Teachers are starting to be referred to as facilitators of the online classrooms. They are still teaching but in a completely different way. Lectures are now being uploaded in learning management systems. Lectures are in videos, PDF, or in slide presentations. Mash up is a new term for brick and mortar professors. For online college professors, instead of communicating with their students two to three hours per week in brick and mortar classrooms, they find themselves communicating with students every day through discussion boards, email, and Skype. Discussions also have ripple effects of questions and comments from students that online instructors should respond to in a timely manner. Online schools usually mandate 24 -hour response time to students with questions, and less than 1 week to grading 20-page essays for all 15-20 students in an online classroom. That was a radical change from my professors in the 80’s who gave back our graded papers after 3 weeks (if we’re lucky). Unless they just skimmed through these essays, grading them manually is a time-consuming process. Even if teaching jobs still exist, these jobs are evolving with the fast pace of technological advances and many teachers find themselves waking up in cyber classrooms – unprepared and quite overwhelmed.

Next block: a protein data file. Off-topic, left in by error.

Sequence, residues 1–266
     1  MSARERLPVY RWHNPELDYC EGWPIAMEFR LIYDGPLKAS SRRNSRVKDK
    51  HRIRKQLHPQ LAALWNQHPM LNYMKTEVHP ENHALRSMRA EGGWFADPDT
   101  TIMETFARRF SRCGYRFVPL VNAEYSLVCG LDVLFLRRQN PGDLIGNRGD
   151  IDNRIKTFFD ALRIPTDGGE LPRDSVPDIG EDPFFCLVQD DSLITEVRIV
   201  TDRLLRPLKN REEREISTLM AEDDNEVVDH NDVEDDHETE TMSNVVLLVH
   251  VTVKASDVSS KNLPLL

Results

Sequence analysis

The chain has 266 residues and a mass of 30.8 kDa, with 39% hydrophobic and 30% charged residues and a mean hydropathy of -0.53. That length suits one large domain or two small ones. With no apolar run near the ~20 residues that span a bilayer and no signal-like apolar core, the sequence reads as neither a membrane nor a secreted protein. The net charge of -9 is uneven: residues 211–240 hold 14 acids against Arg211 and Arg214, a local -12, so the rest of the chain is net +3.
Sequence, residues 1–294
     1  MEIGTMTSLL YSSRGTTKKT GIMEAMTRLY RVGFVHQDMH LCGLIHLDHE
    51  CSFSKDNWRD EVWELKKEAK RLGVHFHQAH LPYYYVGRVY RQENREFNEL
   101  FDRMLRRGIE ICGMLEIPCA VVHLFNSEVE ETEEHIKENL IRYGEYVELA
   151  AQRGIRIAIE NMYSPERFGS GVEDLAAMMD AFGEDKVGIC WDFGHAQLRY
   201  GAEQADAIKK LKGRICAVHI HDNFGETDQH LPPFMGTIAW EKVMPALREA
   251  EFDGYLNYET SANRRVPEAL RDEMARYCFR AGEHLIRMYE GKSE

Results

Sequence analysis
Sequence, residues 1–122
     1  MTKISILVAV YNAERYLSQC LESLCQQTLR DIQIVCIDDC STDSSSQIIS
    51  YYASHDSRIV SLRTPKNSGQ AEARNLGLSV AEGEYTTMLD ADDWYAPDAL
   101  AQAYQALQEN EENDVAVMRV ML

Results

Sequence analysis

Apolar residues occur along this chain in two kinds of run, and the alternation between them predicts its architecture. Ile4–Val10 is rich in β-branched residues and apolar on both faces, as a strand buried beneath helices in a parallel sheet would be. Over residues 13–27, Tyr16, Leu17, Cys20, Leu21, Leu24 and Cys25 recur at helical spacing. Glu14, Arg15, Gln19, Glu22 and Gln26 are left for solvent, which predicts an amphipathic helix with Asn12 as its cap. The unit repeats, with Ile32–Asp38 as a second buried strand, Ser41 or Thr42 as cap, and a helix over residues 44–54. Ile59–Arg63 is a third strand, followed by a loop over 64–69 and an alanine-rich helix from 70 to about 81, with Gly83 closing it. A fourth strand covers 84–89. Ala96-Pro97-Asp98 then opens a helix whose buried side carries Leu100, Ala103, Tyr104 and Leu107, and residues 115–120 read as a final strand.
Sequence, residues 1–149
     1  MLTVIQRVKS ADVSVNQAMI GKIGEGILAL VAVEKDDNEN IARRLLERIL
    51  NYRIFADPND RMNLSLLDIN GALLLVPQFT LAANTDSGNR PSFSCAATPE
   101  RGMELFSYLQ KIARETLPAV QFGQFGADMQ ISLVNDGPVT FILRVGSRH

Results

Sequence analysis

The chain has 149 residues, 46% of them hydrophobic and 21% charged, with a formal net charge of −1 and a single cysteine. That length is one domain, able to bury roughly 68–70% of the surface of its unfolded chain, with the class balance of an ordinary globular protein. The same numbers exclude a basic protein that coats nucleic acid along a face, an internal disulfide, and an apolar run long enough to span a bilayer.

To look into another career evolution, bankers were finance gurus back in the 1980’s. We all had to adhere to bankers’ hours. We liked “bankers’ hours” because that equates to 9am to 5pm, Mondays to Fridays. Saturdays were optional in the 1990’s and banks were open on Saturdays at 10:00am to 2:00pm. Let us look at the bank tellers we have now. I see them in grocery stores, having fewer and fewer face-to-face transactions with their customers because of ATM machines and online banking.
So what types of jobs will my grandchildren have someday?I agree with Randy Gage, the author of “Risky is the New Safe” when he said that we are coming up against an era with new opportunities and jobs that we have not quite defined just yet (Gage, 2012). Jobs in 2018 are still unclear to experts (2012). However, we do know that we are facing an era in which our society demands faster computers, versatility of smart phones and tablets, communications through videos, and quick access to education (2012).
Brick and mortar blackboards are now being replaced by online blackboards (including the LMS brand). College professors wearing suits and carrying briefcases are now professors with laptops and I don’t think they are wearing suits at home as they teach their online classrooms. It’s interesting to think about online teachers. They could still be in their pajamas as they correct their students’ assignments. I am guilty of answering to student posts at 9:00pm in my jammies.